I was listening to philosopher and author Alain de Botton on the Tim Ferriss podcast and I am so drawn in to what he was saying.  He was talking about democratizing philosophy so that everyone realizes how helpful it is to ask questions about what makes us happy, what we want to do every day, and how love fits into our lives.  Philosophy is not just meant for universities and theoretical thinkers.  It’s meant for all of us.

Alain said, “When the majority of people have got enough food, have got a secure shelter, but life is still very tough in all sorts of ways.  So it’s not the old kind of toughness when it was really about survival.  It’s toughness of a different sort.  It’s about trying to make sure that your brief time on earth is well-spent, that your talents have been properly explored, that you’re in a satisfying relationship, that you understand yourself, that you have a purpose.”

When asked about his definition of a successful person, Alain talked about someone he knew who was empathetic and strong and peaceful and lived every minute of every day.  Someone who embraced others and made everyone feel welcome.  Someone who had opinions and was curious.  He said we all know people like that.  He called them, “An ordinary genius of the business of living.”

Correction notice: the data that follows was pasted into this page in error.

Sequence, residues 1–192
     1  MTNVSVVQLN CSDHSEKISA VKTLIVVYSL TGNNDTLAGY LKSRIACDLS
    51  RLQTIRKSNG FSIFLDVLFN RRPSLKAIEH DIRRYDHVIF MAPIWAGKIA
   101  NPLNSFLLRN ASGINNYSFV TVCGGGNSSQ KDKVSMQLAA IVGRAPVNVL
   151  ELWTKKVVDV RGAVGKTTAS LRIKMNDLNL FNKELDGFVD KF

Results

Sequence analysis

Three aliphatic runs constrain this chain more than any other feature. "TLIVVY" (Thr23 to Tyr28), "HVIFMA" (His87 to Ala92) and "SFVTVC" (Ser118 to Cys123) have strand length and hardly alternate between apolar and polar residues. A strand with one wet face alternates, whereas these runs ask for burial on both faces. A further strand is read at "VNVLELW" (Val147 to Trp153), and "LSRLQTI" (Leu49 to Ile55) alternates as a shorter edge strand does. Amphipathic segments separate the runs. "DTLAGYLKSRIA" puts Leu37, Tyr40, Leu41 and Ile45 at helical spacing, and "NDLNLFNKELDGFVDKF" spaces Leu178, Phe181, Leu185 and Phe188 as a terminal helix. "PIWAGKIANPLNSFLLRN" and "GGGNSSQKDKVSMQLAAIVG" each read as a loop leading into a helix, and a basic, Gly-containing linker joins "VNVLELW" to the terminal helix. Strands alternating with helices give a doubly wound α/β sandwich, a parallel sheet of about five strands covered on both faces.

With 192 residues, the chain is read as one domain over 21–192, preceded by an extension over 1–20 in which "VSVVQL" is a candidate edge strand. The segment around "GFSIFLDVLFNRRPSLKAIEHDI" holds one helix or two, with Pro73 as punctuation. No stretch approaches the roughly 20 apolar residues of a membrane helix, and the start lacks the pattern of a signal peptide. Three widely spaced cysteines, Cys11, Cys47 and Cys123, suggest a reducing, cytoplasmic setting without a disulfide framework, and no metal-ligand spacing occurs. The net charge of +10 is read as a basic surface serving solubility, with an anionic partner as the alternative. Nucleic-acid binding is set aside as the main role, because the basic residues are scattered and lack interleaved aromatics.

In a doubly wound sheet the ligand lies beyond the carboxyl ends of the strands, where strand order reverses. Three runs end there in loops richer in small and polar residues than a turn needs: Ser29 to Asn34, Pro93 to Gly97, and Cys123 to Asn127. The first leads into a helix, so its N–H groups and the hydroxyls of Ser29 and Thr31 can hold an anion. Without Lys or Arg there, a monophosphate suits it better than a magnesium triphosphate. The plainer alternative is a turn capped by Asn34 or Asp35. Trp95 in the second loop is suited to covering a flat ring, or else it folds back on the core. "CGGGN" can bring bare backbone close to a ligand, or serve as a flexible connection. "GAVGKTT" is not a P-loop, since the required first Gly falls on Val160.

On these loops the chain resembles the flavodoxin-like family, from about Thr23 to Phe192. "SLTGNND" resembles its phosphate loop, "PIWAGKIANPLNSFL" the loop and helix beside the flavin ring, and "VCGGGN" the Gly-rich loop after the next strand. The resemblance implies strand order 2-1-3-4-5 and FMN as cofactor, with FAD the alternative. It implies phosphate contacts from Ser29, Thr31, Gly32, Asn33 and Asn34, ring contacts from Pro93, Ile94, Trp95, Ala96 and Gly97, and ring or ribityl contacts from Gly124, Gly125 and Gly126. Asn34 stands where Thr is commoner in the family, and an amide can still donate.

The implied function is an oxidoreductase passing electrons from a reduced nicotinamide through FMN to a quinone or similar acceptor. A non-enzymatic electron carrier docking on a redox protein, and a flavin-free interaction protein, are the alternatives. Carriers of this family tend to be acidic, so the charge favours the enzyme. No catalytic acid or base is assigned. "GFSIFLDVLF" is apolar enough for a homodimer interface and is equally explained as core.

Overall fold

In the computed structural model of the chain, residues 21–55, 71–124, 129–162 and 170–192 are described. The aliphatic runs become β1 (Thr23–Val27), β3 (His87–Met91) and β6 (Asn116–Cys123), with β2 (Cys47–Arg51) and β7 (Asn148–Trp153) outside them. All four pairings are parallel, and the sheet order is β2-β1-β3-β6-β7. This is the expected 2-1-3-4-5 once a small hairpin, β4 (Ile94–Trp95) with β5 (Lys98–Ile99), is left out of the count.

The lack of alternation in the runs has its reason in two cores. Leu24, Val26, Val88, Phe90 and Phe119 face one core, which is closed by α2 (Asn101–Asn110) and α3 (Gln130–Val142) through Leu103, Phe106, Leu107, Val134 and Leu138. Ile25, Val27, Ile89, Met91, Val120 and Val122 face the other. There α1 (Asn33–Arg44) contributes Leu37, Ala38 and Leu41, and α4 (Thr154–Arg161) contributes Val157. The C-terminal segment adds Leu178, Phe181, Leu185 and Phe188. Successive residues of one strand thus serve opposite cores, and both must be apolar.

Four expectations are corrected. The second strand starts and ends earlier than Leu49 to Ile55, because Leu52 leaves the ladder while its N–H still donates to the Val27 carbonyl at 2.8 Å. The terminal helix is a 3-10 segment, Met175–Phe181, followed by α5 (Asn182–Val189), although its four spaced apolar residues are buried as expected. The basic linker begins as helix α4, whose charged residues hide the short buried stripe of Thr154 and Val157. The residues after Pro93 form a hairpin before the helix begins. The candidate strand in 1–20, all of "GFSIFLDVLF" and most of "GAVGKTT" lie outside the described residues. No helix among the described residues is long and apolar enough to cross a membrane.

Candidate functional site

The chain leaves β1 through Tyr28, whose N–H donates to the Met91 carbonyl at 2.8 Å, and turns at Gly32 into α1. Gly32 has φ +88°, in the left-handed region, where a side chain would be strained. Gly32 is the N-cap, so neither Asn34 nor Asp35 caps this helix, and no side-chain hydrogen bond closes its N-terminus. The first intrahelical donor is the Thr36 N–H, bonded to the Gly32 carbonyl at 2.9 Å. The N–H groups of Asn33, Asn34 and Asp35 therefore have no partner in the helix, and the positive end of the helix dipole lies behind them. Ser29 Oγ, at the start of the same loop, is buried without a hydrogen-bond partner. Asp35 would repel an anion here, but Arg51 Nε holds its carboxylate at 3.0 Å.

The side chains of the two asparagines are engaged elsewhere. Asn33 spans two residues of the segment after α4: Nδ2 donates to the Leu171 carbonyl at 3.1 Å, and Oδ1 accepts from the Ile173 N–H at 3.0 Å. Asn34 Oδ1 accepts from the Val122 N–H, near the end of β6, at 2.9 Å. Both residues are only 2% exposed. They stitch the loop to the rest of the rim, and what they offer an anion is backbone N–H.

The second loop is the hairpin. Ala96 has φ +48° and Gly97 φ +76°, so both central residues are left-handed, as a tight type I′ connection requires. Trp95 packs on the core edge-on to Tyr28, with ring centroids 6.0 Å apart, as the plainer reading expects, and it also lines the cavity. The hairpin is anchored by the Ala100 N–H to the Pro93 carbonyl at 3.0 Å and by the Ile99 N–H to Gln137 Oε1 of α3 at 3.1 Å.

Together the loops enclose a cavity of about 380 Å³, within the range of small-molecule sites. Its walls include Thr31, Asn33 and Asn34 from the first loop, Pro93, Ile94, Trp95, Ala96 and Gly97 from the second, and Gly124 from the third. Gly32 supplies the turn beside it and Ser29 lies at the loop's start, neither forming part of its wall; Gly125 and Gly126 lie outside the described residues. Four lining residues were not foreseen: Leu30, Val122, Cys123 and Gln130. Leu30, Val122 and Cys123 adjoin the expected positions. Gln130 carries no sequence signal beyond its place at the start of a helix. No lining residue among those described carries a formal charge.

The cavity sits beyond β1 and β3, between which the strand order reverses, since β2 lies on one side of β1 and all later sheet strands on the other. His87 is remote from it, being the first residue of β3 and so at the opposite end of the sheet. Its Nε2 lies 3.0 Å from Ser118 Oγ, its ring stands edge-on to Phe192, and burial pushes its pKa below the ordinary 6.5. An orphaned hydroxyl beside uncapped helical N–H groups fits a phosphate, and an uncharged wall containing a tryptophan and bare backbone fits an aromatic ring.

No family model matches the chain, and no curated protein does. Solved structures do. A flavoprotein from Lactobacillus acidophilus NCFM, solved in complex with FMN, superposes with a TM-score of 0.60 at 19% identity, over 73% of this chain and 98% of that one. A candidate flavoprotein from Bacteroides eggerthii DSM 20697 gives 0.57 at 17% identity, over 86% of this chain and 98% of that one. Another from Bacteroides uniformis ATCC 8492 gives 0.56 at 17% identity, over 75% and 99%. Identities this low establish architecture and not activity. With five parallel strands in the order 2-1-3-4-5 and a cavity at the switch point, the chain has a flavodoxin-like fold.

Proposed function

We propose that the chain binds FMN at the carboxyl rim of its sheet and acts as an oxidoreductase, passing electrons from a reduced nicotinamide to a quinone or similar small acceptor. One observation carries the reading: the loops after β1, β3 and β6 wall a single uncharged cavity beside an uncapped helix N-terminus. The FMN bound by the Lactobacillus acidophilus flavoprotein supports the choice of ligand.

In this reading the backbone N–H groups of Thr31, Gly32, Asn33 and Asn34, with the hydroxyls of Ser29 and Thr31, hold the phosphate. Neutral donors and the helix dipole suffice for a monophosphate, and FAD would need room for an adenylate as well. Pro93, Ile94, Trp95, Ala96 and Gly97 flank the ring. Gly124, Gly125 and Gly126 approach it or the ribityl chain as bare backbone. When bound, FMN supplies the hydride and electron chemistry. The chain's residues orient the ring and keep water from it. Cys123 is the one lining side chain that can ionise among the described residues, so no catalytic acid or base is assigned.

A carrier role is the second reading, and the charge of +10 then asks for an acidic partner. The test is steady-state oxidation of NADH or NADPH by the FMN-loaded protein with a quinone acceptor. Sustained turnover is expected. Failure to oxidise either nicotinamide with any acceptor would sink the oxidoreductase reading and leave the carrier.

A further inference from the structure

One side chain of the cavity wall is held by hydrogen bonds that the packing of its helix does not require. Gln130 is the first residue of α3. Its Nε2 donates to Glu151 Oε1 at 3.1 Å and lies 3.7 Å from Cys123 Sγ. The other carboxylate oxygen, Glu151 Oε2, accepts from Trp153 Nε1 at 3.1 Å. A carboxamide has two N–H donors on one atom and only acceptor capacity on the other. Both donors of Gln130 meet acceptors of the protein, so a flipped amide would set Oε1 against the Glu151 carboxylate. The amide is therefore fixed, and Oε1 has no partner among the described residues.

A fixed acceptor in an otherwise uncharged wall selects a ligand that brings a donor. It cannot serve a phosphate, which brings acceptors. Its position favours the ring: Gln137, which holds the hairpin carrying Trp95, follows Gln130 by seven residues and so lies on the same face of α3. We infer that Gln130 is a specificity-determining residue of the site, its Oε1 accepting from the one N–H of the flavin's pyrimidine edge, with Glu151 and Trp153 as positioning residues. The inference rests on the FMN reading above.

There are people with all the money in the world who are devastatingly unhappy.  And those who have nothing who never stop smiling.

The idea of being an ordinary genius is so interesting.  Someone who is successful in the business of getting through life in the most beautiful way.  Someone who lives simply.

Alain said, “We’re not very good at understanding what it is we really want.  We’re extremely prone to latch onto suggestions from the outside world.”  People think this is the big movement in society so that is what I will study at university.  Or this is the vacation people say you should take so I will work long hours to earn the money to go.  Or this is the company that is leading the pack so I need to get employment there.

We often don’t realize that we have leaned our ladder up against the wrong wall.  We are climbing to a destination that doesn’t suit us.  A place where we won’t find happiness.

The most ordinary day could be the one you miss the most if life changes and you can’t have it again.  And we are ordinary geniuses if we can recognize those moments as they happen, hold that space, and truly breathe in life and all its glory.  Here’s to asking the right questions and embracing the simplest answers.